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HomeAnswerPreparation of zirconium diboride by reduction of zirconia with calcium hexaboride

Preparation of zirconium diboride by reduction of zirconia with calcium hexaboride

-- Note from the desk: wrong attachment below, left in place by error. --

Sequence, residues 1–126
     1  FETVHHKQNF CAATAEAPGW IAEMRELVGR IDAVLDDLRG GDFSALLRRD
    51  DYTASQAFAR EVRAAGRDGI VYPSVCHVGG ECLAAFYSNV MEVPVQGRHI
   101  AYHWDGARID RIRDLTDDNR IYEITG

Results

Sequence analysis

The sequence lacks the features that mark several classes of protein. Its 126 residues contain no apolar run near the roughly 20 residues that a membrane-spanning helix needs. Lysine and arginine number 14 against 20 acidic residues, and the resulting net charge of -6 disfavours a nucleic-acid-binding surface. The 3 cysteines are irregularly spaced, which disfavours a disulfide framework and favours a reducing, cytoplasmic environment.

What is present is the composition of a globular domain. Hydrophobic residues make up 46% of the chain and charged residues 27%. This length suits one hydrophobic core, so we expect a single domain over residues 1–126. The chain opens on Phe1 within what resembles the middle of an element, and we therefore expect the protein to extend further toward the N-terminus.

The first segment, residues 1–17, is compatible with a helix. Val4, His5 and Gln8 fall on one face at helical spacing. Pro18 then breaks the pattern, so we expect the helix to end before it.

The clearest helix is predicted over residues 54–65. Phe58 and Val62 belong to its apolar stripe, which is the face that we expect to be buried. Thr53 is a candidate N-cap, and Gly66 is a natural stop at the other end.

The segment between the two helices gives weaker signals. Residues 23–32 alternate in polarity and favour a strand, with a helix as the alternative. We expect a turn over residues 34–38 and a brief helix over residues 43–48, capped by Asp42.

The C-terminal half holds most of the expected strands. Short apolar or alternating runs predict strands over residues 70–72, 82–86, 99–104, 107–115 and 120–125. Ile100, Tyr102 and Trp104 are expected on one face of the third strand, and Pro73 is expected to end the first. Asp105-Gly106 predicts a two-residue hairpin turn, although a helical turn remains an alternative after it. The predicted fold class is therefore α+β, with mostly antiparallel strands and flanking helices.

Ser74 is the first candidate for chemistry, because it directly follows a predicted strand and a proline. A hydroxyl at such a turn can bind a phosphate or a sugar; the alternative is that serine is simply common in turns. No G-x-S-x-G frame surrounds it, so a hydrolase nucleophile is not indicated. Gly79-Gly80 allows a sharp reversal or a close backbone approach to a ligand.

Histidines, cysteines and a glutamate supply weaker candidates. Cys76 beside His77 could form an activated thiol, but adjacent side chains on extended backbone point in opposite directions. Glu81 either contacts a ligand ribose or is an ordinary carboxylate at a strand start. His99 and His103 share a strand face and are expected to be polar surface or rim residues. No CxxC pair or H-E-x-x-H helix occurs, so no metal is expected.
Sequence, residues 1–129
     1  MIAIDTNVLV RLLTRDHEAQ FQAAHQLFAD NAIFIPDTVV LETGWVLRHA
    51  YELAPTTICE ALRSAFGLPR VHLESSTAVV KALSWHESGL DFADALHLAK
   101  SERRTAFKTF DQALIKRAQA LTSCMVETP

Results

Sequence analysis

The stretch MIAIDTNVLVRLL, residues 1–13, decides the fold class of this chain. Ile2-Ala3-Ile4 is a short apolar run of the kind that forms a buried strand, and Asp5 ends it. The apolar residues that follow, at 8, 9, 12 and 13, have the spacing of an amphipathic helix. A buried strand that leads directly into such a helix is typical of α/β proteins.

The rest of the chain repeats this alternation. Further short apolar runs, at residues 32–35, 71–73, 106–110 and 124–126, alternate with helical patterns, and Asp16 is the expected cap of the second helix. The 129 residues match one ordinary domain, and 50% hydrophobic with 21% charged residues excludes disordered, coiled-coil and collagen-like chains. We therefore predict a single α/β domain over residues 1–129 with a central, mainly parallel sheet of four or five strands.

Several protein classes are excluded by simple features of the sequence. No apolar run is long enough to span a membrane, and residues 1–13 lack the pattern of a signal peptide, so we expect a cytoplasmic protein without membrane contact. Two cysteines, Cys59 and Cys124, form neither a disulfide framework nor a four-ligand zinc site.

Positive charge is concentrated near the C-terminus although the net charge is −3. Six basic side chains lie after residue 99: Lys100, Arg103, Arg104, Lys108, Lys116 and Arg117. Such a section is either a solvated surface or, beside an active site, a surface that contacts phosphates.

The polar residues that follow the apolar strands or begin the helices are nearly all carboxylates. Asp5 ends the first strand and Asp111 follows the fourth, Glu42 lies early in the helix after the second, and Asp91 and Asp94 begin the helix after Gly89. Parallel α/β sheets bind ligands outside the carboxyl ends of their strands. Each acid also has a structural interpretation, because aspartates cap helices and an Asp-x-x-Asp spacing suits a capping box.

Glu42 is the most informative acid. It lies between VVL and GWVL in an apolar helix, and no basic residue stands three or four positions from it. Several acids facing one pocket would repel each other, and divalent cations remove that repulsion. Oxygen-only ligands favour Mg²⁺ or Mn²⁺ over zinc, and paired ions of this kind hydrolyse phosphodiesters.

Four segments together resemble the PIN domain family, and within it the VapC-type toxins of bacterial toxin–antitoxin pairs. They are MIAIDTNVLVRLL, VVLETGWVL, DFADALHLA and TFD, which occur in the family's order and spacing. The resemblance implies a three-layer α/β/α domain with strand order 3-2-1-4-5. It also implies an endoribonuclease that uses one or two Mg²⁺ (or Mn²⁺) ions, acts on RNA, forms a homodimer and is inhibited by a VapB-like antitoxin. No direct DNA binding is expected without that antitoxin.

Zirconium diboride (ZrB2) is a typical ultra-high-temperature ceramic material (UHTC). In this work, the preparation of ZrB2 by reducing zirconia (ZrO2) with calcium hexaboride (CaB6) was studied in detail. With the assistance of molten salt, the reduction rate was dramatically enhanced. Additionally, the results showed that ZrB2 products with different particle shapes were prepared by changing the type of molten salt (NaCl, KCl, MgCl2, and CaCl2). However, the particle size of products could not be adequately refined when nano-ZrO2 was used as the raw material. During the process of reducing ZrO2 by CaB6, B2O3 could be formed, which would cause the loss of the B source. To decrease the consumption of CaB6, Ca-assisted reduction was performed, and monophase ZrB2 was obtained. The varied morphologies of ZrB2 particles obtained by Ca-assisted reduction resulted from complex reaction mechanisms. Metal borides are high-performance materials with various stoichiometries known for their properties, such as high thermal and oxidative stability, mechanical strength, and notably high melting points (above 2000 °C). These unique features, however, are also what make the borides challenging to process for industrial applications where often thin films for coatings are required. Typically, physical and chemical vapor deposition methods are employed to form such films, but these techniques offer little control over the thickness and uniformity of the deposited layers. One approach to avoid this issue is converting the bulk borides to nanosheets, which commonly self-assemble and lay flat. Since nanosheets stay suspended in various solvents, dip coating, spray deposition, and inkjet printing can be applied instead. One significant deterrence to this approach is that unlike van der Waals materials, whose layers are held together by van der Waals forces, the metal-boron framework is bonded by stronger ionic and covalent interactions. Thus, conventional methods such as scotch tape or simple sonication cannot produce metal boride nanosheets. Our research focuses on a novel top-down approach, which involves the incorporation of a small metal ion into the bulk material, followed by the boride exfoliation into nanosheets. Exceptionally, the nanostructuring of LaB6 and CaB6 will be discussed. If you are looking for high quality, high purity, and cost-effective Calcium hexaboride, or if you require the latest price of Calcium hexaboride, please feel free to email contact mis-asia.

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